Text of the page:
Thank you to all who were involved in making this happen. The UWS has an embarrassment of riches compared to the UES for North and South travel. Good luck to the UES’ers and bike advocates.

  • Jules1

    Thank you and congratulations to all who made this possible!

  • walks bikes drives

    I rode up it on Wednesday. There were a huge number of obstructions in it, such as buses blocking it between 72 and 73rd, as well as cars parked along the curb. I think it is still in that “which one do we follow?” phase where people aren’t sure where to park just yet. There were some areas where DOT wasn’t even able to paint because of parked cars.

    Also, at 96 street, the latter half of the east parking lane is being turned into a right turn only lane and the other three lanes have straight arrows painted. But it can’t be completed because there are two dumpsters in the way, which also do a wonderful job of blocking turning drivers’ view of the crosswalk until they are at the crosswalk.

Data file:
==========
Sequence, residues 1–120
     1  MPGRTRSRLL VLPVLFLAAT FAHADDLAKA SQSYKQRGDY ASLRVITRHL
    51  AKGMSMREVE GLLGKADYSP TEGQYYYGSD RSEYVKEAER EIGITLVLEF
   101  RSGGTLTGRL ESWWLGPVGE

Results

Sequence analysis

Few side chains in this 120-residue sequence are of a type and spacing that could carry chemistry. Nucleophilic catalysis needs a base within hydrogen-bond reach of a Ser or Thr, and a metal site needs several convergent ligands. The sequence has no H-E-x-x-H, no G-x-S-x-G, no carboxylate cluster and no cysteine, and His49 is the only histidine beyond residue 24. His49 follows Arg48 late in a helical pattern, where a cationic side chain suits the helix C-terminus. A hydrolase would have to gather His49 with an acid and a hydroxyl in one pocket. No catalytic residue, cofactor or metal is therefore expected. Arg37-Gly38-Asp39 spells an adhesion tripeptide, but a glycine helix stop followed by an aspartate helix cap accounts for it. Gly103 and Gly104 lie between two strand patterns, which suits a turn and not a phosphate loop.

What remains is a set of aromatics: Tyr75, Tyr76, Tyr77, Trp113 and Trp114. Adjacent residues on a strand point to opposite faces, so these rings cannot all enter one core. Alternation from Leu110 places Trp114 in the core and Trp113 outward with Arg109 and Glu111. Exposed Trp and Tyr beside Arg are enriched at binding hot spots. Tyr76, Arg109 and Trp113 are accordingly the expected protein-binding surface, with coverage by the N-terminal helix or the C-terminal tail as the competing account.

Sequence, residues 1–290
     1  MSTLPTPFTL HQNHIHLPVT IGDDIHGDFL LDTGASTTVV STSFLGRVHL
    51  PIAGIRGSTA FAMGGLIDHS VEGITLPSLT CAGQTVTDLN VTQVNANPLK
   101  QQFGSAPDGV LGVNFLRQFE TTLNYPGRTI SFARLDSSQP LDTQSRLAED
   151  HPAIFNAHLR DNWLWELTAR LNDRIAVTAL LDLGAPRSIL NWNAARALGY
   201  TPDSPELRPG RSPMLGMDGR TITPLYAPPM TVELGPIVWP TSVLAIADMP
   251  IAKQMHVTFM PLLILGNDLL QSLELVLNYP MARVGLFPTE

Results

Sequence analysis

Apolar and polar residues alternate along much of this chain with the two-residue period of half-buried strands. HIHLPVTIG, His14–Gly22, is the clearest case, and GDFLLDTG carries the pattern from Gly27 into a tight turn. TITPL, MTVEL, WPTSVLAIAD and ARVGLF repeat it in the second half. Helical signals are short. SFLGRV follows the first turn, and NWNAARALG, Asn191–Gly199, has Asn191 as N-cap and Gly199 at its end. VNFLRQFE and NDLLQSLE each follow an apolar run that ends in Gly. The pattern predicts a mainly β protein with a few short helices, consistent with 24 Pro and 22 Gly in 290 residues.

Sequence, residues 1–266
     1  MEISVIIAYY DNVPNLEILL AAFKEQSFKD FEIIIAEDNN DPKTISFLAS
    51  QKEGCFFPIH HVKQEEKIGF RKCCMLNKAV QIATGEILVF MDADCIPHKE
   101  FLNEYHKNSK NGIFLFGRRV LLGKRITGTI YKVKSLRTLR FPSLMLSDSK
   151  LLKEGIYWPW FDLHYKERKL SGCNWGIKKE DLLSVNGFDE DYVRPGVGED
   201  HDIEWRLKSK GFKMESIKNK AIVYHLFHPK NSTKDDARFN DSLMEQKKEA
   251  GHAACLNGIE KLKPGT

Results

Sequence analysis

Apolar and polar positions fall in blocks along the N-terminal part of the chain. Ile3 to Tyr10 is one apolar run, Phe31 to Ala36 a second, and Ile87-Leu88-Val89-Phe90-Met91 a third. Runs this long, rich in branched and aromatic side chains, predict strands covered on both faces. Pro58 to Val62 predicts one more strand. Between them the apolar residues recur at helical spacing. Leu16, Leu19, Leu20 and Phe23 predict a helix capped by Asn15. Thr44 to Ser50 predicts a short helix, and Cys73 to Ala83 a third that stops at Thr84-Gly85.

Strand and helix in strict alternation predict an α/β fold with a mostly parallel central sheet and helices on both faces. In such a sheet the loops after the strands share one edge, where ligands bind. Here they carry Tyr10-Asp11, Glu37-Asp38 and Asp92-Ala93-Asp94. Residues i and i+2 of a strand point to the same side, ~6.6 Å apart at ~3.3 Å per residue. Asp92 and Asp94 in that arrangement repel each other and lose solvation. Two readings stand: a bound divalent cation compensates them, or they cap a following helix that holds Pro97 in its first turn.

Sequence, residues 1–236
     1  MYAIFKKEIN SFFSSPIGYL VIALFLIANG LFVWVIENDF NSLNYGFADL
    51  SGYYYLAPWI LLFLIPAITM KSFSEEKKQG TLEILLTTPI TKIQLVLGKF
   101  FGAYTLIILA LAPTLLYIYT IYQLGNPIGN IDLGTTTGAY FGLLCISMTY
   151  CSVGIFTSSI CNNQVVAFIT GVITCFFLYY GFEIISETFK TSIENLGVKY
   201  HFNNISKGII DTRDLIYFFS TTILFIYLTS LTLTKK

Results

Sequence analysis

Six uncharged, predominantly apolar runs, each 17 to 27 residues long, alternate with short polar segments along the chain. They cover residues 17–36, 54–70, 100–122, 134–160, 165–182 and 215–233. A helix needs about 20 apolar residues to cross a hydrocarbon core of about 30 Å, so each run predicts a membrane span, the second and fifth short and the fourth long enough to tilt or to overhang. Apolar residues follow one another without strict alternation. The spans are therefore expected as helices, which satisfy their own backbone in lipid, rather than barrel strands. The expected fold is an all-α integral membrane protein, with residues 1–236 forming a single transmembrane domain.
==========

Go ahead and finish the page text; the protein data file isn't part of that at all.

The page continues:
• Vooch

    we are winning. our ranks are growing by the thousands every day. 6 glorious victories this year;

    Pulaski Bridge
    Amsterdam PBL 110th to 72nd
    2nd Ave PBL 105th to 68th
    6th Ave PBL 8th to 34th
    Queens Blvd 2nd of 3 sections
    Citibike expansion Astoria, Brooklyn, Manhatttan 86th to 110th

    These are major events and will continue to build support for even more !

  • thomas040

    thanks for summarizing that.

  • Vooch

    a PBL network is slowly growing despite the cranks. if the 15 mile annual pace for expansion continues, in 3 years the useful PBL network will have doubled.